Madison Non-Compete Agreement

Find the right Non-Compete Agreement attorney in Madison, WI

A covenant not to compete usually implies that a Wisconsin employee makes an agreement not to work for any of their employer's competitors should they leave the company for any reason. These covenants are typically called "non-compete clauses". Employees who sign them can either receive compensation or simply be required to agree as a condition for their employment.

When are Covenants not to Compete Unenforceable?

Knowing in advance whether a judge will enforce an employee's non-compete clause can be challenging. Although the interests of employers are significant, courts in Wisconsin also give importance to an employee's freedom to choose the type of employment that they desire. As a result, courts usually uphold only those covenants that are consider to be reasonable according to the circumstances. Covenants not to compete that a court will categorize as unreasonable include agreements that last for a long duration or that restrict the employee to an unreasonable geographic area around Madison.

Covenants must also be limited to restricting dealings with those competitors that are reasonably related to the employer?s industry. Finally, the employer needs to have an acceptable business purpose which justifies their motives in requiring their employee to sign a covenant not to compete.

Do I Need an Attorney when Dealing with a Covenant not to Compete?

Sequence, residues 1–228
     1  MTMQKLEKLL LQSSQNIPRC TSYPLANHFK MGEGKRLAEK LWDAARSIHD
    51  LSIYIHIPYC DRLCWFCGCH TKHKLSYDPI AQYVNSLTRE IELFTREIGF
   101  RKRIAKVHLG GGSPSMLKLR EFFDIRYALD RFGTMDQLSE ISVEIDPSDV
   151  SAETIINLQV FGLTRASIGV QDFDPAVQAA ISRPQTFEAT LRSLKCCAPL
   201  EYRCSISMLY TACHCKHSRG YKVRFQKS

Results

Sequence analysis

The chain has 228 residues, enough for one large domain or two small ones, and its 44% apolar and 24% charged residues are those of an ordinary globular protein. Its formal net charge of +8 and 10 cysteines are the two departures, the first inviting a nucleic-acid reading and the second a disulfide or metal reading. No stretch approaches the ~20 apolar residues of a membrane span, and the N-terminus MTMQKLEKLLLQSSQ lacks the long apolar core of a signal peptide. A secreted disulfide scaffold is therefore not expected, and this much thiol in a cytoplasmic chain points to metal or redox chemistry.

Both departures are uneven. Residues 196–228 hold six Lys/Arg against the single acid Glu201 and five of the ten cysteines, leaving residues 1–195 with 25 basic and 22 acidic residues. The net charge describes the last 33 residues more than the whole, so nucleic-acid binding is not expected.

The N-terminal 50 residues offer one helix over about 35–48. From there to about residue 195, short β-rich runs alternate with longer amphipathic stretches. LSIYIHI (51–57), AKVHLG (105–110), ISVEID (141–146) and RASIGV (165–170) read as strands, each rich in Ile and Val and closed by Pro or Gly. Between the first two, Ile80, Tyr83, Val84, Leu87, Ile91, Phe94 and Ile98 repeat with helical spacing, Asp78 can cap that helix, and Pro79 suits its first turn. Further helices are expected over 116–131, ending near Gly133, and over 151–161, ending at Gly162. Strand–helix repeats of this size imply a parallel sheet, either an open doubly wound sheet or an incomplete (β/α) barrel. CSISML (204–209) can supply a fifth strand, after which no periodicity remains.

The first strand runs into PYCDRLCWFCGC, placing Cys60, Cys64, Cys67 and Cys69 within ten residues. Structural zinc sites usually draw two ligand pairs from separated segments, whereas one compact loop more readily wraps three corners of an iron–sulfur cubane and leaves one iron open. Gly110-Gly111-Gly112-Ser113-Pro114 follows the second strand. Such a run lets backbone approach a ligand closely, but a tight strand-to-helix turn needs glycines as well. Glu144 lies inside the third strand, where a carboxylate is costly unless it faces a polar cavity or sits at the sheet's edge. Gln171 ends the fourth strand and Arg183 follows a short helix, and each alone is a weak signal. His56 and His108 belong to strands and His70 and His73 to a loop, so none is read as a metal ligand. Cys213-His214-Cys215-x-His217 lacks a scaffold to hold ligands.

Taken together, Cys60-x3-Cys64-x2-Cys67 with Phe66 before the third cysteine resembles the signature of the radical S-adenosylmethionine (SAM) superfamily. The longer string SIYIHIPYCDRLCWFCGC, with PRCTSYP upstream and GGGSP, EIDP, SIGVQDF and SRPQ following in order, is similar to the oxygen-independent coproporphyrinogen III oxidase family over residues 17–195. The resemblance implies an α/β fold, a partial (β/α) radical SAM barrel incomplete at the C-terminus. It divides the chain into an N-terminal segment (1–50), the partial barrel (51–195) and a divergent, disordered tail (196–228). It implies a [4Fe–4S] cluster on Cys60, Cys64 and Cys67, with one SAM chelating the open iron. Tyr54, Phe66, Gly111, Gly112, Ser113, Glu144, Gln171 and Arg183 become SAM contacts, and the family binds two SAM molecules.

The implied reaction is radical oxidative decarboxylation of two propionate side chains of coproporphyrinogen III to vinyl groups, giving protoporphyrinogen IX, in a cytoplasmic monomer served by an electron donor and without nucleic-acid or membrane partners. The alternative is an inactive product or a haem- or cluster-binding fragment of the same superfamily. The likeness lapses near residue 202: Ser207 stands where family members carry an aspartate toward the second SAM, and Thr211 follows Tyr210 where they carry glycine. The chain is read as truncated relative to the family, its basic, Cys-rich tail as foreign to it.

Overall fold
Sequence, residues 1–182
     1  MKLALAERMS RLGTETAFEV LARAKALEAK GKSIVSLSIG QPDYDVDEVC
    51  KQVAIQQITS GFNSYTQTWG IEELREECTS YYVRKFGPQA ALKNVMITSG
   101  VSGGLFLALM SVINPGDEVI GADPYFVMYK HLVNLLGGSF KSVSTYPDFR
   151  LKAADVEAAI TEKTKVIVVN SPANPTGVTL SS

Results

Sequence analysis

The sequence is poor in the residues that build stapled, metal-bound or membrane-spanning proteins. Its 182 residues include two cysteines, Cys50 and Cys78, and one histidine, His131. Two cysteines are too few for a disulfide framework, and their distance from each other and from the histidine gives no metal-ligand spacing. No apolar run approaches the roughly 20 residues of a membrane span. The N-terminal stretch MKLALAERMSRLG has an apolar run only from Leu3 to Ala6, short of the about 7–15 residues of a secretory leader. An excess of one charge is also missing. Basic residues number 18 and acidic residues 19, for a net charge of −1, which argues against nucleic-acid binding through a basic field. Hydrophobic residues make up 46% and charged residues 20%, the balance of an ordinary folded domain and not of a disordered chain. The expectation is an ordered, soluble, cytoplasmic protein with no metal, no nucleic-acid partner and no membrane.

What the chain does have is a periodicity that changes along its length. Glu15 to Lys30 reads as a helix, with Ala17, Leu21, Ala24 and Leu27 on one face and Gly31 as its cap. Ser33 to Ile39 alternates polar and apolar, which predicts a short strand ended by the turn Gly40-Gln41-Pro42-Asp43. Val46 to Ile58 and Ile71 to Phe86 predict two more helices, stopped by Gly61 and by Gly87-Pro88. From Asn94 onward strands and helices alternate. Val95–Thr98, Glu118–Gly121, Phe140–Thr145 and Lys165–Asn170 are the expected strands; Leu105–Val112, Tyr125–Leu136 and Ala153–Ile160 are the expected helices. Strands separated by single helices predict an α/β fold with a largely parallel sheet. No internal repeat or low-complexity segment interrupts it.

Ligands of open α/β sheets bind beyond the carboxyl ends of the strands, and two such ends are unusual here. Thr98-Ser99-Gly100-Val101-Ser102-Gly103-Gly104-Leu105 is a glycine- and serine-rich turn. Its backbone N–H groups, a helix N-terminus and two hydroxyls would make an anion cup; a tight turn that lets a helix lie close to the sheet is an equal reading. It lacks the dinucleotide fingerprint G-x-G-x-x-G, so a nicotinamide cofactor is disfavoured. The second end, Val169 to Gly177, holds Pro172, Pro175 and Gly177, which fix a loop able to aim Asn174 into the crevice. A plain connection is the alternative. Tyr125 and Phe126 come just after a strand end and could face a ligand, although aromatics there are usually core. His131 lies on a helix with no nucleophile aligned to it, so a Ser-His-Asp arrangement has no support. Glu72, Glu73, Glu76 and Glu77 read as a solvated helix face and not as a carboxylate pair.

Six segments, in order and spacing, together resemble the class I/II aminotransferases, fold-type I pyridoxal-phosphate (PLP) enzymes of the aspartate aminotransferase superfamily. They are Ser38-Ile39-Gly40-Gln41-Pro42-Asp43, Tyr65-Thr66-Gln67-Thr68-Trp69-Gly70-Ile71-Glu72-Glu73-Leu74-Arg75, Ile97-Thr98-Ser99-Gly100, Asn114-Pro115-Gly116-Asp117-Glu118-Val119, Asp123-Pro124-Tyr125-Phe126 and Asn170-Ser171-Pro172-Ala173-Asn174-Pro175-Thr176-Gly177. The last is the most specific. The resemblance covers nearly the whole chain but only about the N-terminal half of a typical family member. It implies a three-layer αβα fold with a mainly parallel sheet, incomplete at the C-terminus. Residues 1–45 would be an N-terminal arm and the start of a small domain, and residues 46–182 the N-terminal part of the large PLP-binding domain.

A Madison, Wisconsin lawyer can help you review the covenant before you sign any provisions that might limit your rights. The lawyer can help you in negotiating modifications or if needed, they can possibly draft a new agreement which will be acceptable to both parties. An attorney can also give valuable advice when it comes to suing employees for breaching covenants, or counseling employees who have signed one regarding whether they can accept a different job.

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Life in Madison

Madison, Wisconsin is the capital of the state of Wisconsin. It is also the county seat of Dane County. It has a population of over 235,000 people, making it the second-largest city in Wisconsin.

Madison is known for being a classic example of the "college town" - with a laid-back atmosphere, large numbers of restaurants and bars, andindependent retailers,most of which cater to the student demographic. The presence of University of Wisconsin, Madison also means that the population ofMadison, at least during the school year, tends to be fairly young, on average, giving the city a very vibrant and diverse feel.

The largest employers in Madison are the Wisconsin state government, as well as the university.These twosectors provide relatively stable employment, pay reasonably well, and tend to provide good benefits. Together, they makeup a solid economic base forMadison.

In the last decade, Forbes Magazine has consistently ranked Madisonas one of the best places to live in the United States. It is also ranked among the healthiest cities in the United States by various health magazines.

Thanks to its fairly vibrant economy, and unique culture, Madison, Wisconsin has a robust legal community. Madison, Wisconsin lawyers are diverse and well-educated, partially owing to the fact that UW Madison has a very well-regarded law school.A Madison, Wisconsin lawyer can probably help you with almost any legal issue you might face.

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